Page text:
“Planet Earth – Unique And Bizarre.” Those are the words used by Astronomy magazine (June 2021, page 21) to describe the results of studies of the planets within and beyond our solar system. Why is Earth a unique and bizarre planet?
We have four terrestrial planets in our solar system. In addition to Earth, they are Mercury, Venus, and Mars. Those planets have smaller masses than Earth, ranging from Mercury with 5.5% of Earth’s mass to Venus with 81.5%. They also have radically different atmospheres. Venus, which is closest to Earth’s size, has an atmosphere that is 96% carbon dioxide. Mars, roughly half of Earth’s size, is 95% carbon dioxide and 2.7% nitrogen. By contrast, Earth’s atmosphere has 78% nitrogen, 21% oxygen, and less than .1% carbon dioxide.
NASA stationed an observation satellite at the Lagrange point between Earth and the Sun. That is the location where Earth’s gravity balances the Sun’s gravity. The satellite will remain stationary at roughly a million miles from Earth, gather data, and compare Earth data with information from other solar systems. It shows that Earth is the only planet we know of with abundant liquid water driving an active water cycle.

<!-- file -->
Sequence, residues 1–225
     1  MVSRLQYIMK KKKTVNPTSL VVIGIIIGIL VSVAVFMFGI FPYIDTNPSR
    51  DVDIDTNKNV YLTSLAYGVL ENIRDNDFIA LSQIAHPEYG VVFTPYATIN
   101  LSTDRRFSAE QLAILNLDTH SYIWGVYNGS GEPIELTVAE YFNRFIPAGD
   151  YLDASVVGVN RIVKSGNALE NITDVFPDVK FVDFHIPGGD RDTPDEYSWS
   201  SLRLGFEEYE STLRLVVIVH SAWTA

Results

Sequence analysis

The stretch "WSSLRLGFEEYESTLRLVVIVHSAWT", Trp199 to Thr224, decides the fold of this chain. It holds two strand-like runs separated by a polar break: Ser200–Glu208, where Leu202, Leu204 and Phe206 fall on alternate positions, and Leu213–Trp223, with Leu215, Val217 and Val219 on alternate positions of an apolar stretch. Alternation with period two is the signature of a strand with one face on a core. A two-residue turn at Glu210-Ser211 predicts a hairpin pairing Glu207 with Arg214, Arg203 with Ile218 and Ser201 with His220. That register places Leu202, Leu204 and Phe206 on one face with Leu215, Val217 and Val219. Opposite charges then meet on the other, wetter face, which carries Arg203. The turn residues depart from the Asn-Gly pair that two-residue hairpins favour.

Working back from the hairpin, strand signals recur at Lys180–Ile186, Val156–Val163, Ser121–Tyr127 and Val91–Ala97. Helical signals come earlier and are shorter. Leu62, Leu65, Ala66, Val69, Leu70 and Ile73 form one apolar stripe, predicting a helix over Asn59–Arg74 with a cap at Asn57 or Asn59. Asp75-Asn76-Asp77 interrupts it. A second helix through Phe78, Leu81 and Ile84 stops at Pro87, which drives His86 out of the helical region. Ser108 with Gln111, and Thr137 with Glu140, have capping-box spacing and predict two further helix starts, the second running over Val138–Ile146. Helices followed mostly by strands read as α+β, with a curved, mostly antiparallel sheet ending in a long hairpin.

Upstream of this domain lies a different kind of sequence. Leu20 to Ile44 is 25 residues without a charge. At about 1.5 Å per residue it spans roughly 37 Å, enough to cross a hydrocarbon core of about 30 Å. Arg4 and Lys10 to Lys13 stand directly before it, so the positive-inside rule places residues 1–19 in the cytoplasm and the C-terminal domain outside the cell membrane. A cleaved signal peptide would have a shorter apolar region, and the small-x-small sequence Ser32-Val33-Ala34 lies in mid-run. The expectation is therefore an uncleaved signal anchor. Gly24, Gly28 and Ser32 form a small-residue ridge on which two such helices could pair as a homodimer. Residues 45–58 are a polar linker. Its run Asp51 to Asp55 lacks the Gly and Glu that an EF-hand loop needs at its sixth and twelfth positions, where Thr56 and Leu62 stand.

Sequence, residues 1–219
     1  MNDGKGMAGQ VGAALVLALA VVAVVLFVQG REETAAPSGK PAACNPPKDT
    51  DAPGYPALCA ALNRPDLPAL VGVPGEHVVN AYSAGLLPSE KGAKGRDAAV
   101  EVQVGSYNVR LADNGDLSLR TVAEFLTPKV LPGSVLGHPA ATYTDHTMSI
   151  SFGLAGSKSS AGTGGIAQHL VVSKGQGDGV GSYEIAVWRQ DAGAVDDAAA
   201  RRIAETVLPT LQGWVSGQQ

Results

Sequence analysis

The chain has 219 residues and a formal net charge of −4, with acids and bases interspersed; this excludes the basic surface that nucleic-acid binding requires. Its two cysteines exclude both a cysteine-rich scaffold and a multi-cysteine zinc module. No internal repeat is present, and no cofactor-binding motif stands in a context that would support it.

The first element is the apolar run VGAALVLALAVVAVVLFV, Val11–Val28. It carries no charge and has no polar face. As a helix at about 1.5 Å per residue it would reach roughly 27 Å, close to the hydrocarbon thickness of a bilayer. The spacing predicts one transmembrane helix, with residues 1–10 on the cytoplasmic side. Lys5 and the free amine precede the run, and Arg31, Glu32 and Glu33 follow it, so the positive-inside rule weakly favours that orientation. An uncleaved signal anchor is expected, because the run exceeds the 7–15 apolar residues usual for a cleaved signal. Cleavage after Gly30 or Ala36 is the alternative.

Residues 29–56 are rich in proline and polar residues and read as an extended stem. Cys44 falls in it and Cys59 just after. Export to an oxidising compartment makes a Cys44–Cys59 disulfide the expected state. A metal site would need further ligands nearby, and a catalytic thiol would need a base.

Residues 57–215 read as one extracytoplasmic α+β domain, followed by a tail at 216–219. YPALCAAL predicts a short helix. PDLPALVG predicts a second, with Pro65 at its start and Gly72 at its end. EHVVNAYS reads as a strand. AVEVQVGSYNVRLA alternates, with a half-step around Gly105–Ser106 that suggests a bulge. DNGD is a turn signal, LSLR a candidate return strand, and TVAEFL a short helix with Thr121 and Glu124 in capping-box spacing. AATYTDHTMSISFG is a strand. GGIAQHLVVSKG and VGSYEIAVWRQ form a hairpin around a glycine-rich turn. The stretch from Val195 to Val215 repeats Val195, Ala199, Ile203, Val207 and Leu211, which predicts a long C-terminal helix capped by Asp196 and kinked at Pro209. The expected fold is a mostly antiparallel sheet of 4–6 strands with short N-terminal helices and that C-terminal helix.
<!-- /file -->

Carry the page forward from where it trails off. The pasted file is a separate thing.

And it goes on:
Scientists believe life itself is responsible for much of the design of planet Earth. Earth’s vegetation has taken whatever carbon dioxide was in our atmosphere and turned it into oxygen. It is no coincidence that the Genesis account portrays plants as the first thing to appear after God created the dry land and seas.
Another factor making Earth a unique and bizarre planet is the abundance of minerals. Earth has massive minerals of all kinds. Meteorites contain a very small number of minerals, and the Moon has more than the meteorites, but far less than Earth. The media tends to suggest that everything in space is like what we see on Earth, but the data that scientists are gathering shows that our planet is radically different.
At the end of each day of the Genesis account, God said, “it is good” (Genesis 1:10,12, 18, 21, 25). The first chapter ends with God saying, “it is VERY good.” Over and over, the Psalms call our attention to how unique our planet is. “When I consider the heavens, the work of your fingers, the moon and the stars, which you have ordained; what is man, that you are mindful of him, and the son of man that you visit him” (Psalms 8:3-4). Psalms 19:1 adds, “The heavens declare the glory of God, and the sky shows his handiwork.”
— John N. Clayton © 2021
Reference: Astronomy magazine